eWeek has had a look at the past, present and future of browsers, and mentions, among other things, the innovative Firefox browser which has brought new things like tabbed browsing and better security (fewer security holes?) to the market.
What the article fails to mention is a ten year old browser which has had tabbed browsing and better security for many years. Even on the third page of the article, it fails to mention the #1 mobile browser, Opera.
While Microsoft is creating its own mobile version of Windows and Apple has licensed some of its browser technology to handset maker Nokia Corp., some experts believe that the challenge of creating an application that works on handheld devices will change the appearance, and potentially the market, for browser technologies.
This is what Opera realized years ago, and that is why Opera has in fact been available for mobile phones for a few years already. Indeed, we solved the problem with fitting normal Web pages onto the small screen of a mobile phone, as well as a number of other things that prevented people from browsing the Web from their mobiles.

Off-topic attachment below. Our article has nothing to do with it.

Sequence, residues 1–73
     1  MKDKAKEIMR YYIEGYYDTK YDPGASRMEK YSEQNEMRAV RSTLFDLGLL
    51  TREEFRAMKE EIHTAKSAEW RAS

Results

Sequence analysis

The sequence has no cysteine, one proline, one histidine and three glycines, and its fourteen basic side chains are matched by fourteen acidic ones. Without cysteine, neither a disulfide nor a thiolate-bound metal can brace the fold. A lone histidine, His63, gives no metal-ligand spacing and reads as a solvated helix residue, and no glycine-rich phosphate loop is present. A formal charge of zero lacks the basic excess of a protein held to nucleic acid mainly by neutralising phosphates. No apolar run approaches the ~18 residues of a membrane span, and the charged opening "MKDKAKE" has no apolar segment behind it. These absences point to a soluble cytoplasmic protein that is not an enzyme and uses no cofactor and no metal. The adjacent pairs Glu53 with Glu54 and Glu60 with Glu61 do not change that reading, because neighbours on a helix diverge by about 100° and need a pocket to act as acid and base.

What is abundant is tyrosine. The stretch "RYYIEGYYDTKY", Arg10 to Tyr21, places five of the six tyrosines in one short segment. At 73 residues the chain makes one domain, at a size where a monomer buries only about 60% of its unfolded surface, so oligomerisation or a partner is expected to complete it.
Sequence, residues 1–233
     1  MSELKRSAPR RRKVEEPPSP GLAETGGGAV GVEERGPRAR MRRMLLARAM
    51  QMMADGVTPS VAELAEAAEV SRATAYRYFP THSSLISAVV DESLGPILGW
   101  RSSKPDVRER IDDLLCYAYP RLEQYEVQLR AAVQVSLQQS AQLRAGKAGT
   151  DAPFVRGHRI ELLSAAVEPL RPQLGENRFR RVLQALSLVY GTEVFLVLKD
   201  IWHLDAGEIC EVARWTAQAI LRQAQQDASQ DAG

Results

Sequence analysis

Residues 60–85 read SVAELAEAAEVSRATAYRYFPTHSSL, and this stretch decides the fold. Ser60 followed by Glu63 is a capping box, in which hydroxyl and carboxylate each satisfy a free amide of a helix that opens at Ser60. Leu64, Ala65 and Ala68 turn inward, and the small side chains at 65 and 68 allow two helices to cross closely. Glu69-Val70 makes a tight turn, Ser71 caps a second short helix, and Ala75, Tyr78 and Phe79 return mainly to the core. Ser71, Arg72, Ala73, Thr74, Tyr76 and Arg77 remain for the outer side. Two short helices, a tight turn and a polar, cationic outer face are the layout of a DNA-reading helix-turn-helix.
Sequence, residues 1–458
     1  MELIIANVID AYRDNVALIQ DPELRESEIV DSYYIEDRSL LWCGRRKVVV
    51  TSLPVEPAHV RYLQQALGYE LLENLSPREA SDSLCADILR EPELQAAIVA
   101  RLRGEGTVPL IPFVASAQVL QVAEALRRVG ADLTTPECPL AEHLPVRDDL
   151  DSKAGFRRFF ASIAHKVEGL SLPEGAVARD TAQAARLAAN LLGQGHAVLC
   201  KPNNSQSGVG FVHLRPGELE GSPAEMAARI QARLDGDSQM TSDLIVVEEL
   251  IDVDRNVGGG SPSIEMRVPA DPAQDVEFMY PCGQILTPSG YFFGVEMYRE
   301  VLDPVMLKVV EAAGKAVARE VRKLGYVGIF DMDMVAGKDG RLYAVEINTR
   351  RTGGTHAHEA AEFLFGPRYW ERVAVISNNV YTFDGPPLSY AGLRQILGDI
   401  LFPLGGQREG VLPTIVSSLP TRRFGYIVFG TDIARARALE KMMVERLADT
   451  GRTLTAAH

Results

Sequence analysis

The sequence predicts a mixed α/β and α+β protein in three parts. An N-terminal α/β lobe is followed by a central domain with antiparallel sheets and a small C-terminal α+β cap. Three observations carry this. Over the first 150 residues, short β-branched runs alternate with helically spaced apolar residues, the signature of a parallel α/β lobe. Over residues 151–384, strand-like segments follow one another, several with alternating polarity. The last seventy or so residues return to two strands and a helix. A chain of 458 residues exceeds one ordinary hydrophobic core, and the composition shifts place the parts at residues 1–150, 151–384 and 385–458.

More recently, Opera has also become a mobile development platform, which is interesting considering the following paragraph from the article:
"But one of the very cool things that Flash and Macromedia's Flex platform can do is build interactive applications that are distinctly non-Web-like, but that you can adapt easily to the size of the screen that you have."
With Opera, you get a development platform based on well known open standards. You can give it a try yourself by signing up for the Opera Platform community group.
I guess this shows how important it is to get the word about Opera out there so that we keep it fresh in the memory of journalists, and also other people. We're going to step up our marketing, and I hope that all Opera users out there will contribute by spreading the word about Opera as often as possible!